While Air Canada to implement fever scanners, they’re no ‘magic bullet’

While Air Canada to implement fever scanners, they’re no ‘magic bullet’

While Air Canada to implement fever scanners, they’re no ‘magic bullet’

Only a few months ago they looked like something out of a sci-fi film, but fever scanners are now becoming regulation for some Canadian businesses such as Air Canada in the battle against COVID-19.

Running a fever? You’re grounded.

But experts say body temperature is far from foolproof in detecting the novel coronavirus, and determining who can fly or shop or show up to a shift at a factory based on temperature could be as much about perception and peace of mind as it is a reliable tool to weed out the sick.

“It’s a lot about optics. People trust technology,” said Dr. Dominik Mertz, medical director of infection prevention and control at Hamilton Health Sciences. “People feel reassured if they go in somewhere and temperature is being measured, they feel like ‘Oh, great. This is a safe space.’”

Air Canada announced this week that in addition to asking health-related questions and making masks mandatory, it will soon screen temperatures before allowing passengers to board. Similar checks were implemented in April at T&T Supermarket locations, and they’re part of visitor screening protocol at some health clinics.

Employers in the United States including Amazon and Walmart said they’ll begin using temperature scanners to test employees, while Home Depot is giving employees thermometers to use at home.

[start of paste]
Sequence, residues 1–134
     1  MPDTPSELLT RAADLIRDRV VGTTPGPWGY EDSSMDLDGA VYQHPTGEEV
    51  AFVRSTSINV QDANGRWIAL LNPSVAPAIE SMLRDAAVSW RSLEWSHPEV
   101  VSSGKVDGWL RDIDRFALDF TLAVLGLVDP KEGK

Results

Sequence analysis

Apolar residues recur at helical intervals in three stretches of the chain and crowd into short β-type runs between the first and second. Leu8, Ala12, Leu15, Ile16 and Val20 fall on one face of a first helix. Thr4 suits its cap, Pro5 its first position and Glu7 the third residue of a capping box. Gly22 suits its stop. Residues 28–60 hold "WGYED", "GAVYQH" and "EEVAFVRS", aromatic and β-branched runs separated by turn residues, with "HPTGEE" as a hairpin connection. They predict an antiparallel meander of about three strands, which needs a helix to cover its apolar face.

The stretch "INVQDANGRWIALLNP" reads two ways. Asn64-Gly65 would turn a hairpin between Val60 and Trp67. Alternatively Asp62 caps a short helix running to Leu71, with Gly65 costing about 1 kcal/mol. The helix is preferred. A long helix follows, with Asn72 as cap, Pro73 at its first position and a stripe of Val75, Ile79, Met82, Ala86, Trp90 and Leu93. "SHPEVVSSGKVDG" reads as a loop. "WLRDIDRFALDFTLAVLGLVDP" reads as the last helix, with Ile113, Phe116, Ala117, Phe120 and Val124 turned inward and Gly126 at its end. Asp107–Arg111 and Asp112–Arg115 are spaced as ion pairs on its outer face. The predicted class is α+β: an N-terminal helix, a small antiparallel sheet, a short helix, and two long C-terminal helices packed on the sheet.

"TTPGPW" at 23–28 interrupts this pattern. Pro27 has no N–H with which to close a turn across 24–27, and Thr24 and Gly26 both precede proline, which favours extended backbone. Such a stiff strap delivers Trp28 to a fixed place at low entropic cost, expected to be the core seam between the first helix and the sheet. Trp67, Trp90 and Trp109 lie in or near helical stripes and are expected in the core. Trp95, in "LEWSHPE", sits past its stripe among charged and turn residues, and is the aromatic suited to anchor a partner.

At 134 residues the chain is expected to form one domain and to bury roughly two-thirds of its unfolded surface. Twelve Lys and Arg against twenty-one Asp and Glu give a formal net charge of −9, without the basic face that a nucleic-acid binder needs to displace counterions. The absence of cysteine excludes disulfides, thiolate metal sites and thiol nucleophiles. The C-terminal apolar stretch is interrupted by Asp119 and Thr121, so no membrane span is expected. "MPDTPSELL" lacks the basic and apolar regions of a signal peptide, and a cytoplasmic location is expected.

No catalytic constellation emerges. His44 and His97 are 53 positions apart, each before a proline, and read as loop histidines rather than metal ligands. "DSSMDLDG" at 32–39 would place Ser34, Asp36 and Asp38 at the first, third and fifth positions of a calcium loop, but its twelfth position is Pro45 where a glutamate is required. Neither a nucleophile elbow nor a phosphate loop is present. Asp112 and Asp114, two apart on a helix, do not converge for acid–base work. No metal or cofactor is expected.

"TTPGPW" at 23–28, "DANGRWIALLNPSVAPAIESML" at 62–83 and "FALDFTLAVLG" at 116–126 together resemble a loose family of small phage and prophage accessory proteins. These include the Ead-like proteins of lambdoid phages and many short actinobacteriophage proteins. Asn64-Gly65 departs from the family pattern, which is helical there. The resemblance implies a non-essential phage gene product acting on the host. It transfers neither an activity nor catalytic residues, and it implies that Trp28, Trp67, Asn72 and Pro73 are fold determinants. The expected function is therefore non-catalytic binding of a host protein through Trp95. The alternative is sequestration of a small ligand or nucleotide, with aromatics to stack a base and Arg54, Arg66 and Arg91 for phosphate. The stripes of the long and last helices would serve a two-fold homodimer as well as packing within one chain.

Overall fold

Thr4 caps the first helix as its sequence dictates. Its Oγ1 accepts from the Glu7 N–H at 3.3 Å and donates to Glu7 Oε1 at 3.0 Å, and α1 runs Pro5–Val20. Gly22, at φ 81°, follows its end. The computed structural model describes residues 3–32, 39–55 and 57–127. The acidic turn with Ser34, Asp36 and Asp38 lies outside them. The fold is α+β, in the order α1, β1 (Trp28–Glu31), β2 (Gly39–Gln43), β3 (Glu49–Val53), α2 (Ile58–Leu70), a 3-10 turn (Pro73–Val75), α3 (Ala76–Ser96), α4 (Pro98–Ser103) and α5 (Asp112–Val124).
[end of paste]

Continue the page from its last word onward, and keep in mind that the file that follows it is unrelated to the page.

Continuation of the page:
The Korean Baseball League, which resumed its delayed season on Tuesday, is doing regular temperature checks on players, and North American pro leagues such as the NBA have told players and staff to prepare for such a measure when and if they resume practice.

On their own however, temperature checks will not allow gatekeepers to weed out COVID-19 cases, Canada’s chief public health officer said earlier this week.

Dr. Theresa Tam said the more that is understood about the novel coronavirus, the more it becomes clear that temperature taking is “not effective at all” to identify people who have it.

“Even if you are infected, we know that the likelihood of picking up someone who is symptomatic is sort of, relatively, inefficient,” she added.

When the pandemic first emerged, health officials said fever was one of the main telltale symptoms, which is why temperature checks were first implemented. But the proportion of patients is variable.

“It’s not a magic bullet,” said Colin Furness, an infection control epidemiologist and assistant professor at the University of Toronto.

Several weeks ago when airports were screening people upon arrival, particularly from countries such as China, Furness said he believed fever scanners were useful tools if it meant detecting even one ill passenger.

“My answer at the time was it’s a smart step, because some people will be sick, they’ll have a fever, they may not notice or they may not care. And… one case that is detected is going to stop all kinds of other cases from then being spawned,” he said.

“But we shouldn’t pretend it’s going to catch everything.”

Air Canada has said it will turn away passengers with temperatures above 37.5 C. Normal body temperature is 37 C, however this is just an average, and it can fluctuate for numerous reasons.